The X/autosomes equilibrium is responsible for the sexual determination of Cannabis and the Y chromosome is not directly linked in the process. The mechanism involve the presence of activators genes on the X chromosome and negative regulation encoded by the autosomes. In simple words, positive elements to activate a female developmental pathway exist on the X chromosome and these are balanced by element that favor male developmental program located on the autosomes. That mean that with the lack of an X chromosome in a XY plant the positive elements produced by the solitary X chromosome won’t be sufficient to counteract the effect of suppressor encoded by the autosome and you will end up with a male plant.
If the sexual determination of Cannabis would be based on the Y active mechanism concept, how would it be possible to induce a male diploid plant (XY) to produce female flower?
(Induction of female flowers on male plants of Cannabis Sativa L. by 2-chloroethanephos-phonic acid, HYM Ram, VS Jaiswal - Cellular and Molecular Life Sciences, 1970 – Springer)
Ok, since the majority of scientific research are performed on hemp vs Marijuana, I just want to state that the sex linked genes expression in female Cannabis flower (Drug cultivar) are similar to the one in the diocious hemp. That been said…,
There are several excellent recent reviews of sex determination of diocious plant and cannabis genus. I would suggest:
Boys and Girls Come Out to Play: The Molecular Biology of Dioecious Plants, Charles Ainsworth, Ann Bot (2000) 86 (2): 211-221.
The regulation of sex determining gene as you refer to is similar to the regulation observed in Silene latifolio. However, Cannabis show a different type of regulation:
The increased length of the Y chromosome in hemp (Yamada 1943 cited by Sakamoto et al. 1995) suggests some similarity with the sex chromosomes of Silene latifolia (Sakamoto et al. 1998; Fig. 2.5). In this latter species, males have XY and females XX sex chromosomes (Dellaporta and Calderon-Urrea 1993). The structure of the Y chromosome is characterized by a non-pairing region including sex-determining loci and a pairing, pseudoautosomal, region which undergoes recombination with the X chromosome during meiosis. The non-pairing region of the Y chromosome contains female suppressing, male promoting and male fertility regions (Westergaard 1953 cited by Di Stilio et al. 1998; Charlesworth 2002). The sex determinism in Silene is based on an Y-active system, with dominant male factors and female suppressing factors mapping to the Y chromosome (Dellaporta and Calderon-Urrea 1993). In contrast, in hemp, the sex determinism is based on a X-to-autosomes system. In addition, the genetic basis of sex determinism in Silene is strong and shows little evidence for lability or environmental effects (Ainsworth 2000), while hemp displays a high plasticity of sexual phenotype.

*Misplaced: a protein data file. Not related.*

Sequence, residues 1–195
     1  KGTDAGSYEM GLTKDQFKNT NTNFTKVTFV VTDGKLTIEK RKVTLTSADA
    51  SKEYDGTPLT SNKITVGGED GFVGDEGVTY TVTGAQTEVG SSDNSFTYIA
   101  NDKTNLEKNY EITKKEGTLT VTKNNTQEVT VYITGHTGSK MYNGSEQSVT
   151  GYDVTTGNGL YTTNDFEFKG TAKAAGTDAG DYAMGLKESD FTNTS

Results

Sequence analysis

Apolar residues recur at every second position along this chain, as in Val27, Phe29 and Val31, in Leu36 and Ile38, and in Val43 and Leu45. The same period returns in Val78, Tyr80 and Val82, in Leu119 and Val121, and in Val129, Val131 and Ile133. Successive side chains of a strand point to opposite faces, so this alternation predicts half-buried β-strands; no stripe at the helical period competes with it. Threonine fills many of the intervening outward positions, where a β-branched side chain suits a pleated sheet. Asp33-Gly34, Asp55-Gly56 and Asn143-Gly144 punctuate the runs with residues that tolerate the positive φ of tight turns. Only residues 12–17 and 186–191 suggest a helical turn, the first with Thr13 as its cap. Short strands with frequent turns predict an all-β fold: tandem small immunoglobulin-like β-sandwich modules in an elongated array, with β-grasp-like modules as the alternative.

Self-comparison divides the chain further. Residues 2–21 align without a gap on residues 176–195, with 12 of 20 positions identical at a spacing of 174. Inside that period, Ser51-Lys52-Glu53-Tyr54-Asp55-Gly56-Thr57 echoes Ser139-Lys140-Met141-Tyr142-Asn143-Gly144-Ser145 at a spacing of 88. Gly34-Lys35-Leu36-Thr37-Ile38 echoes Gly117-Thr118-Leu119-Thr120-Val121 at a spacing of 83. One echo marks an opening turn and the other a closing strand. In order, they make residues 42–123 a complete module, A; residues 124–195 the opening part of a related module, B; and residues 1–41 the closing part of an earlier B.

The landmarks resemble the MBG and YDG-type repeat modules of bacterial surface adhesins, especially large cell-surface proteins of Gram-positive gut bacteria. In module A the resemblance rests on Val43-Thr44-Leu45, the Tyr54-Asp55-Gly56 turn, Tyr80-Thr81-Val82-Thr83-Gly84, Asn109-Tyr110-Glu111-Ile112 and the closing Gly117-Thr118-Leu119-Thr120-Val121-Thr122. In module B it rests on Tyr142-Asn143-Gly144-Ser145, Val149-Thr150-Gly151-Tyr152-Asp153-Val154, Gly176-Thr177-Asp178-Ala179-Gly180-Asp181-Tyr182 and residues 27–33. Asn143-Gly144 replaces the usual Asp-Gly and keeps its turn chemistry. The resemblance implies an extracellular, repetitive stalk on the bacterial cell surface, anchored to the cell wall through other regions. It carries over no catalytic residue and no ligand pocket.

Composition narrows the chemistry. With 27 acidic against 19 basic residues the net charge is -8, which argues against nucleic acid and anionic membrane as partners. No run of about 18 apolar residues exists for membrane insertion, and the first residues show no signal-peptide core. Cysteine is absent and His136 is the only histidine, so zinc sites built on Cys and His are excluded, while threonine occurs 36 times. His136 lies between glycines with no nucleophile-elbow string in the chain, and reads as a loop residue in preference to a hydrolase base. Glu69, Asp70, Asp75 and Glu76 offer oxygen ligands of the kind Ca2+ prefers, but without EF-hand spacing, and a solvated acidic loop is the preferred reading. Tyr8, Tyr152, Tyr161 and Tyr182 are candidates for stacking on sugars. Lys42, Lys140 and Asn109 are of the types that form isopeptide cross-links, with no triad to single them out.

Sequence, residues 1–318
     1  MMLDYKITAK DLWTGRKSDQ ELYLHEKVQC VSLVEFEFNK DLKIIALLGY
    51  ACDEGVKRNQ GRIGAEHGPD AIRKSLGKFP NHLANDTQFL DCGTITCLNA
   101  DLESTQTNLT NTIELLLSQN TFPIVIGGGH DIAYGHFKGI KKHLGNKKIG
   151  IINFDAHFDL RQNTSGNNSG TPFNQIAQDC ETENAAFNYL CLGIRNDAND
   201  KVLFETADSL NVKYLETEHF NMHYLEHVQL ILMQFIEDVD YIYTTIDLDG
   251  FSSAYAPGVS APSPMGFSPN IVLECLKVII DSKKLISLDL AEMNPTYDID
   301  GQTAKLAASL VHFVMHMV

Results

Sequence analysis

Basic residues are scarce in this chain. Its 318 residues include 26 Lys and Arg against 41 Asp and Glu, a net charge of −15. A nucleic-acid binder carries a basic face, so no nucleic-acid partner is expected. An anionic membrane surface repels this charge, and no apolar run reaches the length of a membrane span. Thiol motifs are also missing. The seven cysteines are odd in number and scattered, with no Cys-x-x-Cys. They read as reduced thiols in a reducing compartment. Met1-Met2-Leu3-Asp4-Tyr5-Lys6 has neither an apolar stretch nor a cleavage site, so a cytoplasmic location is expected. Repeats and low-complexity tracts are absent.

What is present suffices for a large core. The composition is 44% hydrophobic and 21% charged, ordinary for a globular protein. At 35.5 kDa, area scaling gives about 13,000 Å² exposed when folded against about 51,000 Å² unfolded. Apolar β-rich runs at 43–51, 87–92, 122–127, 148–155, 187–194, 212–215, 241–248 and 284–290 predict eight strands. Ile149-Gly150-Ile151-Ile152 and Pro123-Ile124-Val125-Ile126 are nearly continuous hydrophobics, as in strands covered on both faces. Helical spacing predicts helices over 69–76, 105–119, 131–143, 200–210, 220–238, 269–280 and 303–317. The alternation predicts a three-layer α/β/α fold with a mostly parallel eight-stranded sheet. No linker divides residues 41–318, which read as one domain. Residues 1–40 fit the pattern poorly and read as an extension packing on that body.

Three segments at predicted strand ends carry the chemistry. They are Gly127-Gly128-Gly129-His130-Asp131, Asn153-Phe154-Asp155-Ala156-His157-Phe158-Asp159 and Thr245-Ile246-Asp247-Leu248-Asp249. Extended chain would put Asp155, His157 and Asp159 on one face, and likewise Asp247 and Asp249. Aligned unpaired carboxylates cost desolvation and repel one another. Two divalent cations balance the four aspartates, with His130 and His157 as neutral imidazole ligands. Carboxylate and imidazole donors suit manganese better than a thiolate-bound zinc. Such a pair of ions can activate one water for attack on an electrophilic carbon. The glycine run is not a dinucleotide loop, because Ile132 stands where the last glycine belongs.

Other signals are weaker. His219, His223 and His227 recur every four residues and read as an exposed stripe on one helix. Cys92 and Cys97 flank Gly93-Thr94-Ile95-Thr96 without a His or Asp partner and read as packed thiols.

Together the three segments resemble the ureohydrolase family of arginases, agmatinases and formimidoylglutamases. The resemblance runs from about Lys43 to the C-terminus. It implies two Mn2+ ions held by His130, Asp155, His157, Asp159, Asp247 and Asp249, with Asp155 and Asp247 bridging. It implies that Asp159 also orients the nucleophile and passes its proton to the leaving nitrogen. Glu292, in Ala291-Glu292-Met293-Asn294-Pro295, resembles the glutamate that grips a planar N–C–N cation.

Here is a good PhD thesis on the subject:
QUANTITATIVE APPROACH OF THE GENETIC DETERMINISM OF SEX EXPRESSION IN MONOECIOUS HEMP (CANNABIS SATIVA L.), AND ITS RELATIONSHIP WITH FLOWERING PHENOLOGY AND STEM AND SEED YIELDS
The sex determinism in dioecious hemp would be based on an X-to autosomes equilibrium and not on a Y-active mechanism (Westergaard 1958; Ainsworth 2000). This assumption agrees with the experiences carried out on polyploid hemp individuals (Warmke and Davidson 1944).
The X-to-autosomes system of sex determination is based on the ratio of the number of X chromosomes to the ploidy level. This system can explain why hemp polyploid individuals with XXY and XXXY formulae are female or female-hermaphrodite, and XY, XXYY and XYY individuals are male (Warmke and Davidson 1944).
The Y chromosomes are not necessary for the production of male flowers; moreover, the pollen can mature and be viable in the absence of Y chromosome.
The diversity of intersexual forms, the bipotency of sexually predetermined plants and the occurrence of fertile male flowers on female plants of dioecious hemp suggested that the sex in hemp would be determined by the activity of genes that are located not only on the sex chromosomes but also on the autosomes (Grisko 1937 cited by Truta et al., 2007; Sengbusch, 1952 cited by Westergaard, 1958; Rath, 1968 cited by Truta et al., 2007; Migail, 1986 cited by Mandolino and Ranalli, 2002). Grişko (1937 cited by Truta et al. 2007) considers that the determinants of phenotype and those of sexualisation are independent since female plants are able to produce male flowers under given environmental conditions. The ability to reverse the sex determination mechanism by hormonal treatment suggested that sex determination genes could regulate alternative programs of sexuality through a signal transduction mechanism that modifies endogenous hormonal levels (Dellaporta and Calderon-Urrea 1993).
Markers, referred to as MADC, for male-associated DNA sequence in C. sativa:
Hybridization of DNA from male and female plants by southern blotting analysis revealed either the absence of no sex-linked polymorphism (Mandolino et al. 1999), either multiple bands among which only few are male-specific (Sakamoto et al. 2000; Torjek et al. 2002; Sakamoto et al. 2005). Similarly, the in situ hybridization of chromosomes with the MADC3 and MADC4 sequences produced signals dispersed on all chromosomes and thus not specific of the Y chromosome. Thus multiple sequences encoding retrotransposable elements should exist ubiquitously in the genome of C. sativa (Sakamoto et al. 2005). This appears in agreement with the view of Clark et al. (1993), who observed no major difference in the distribution of repeated DNA sequences between X, Y and autosomes in Rumex acetosa, a dioecious species with heteromorphic sex chromosomes. According to Charlesworth (2002), the abundances in repeated DNA in plants bearing sex chromosomes would be mostly similar on both sex chromosomes and autosomes.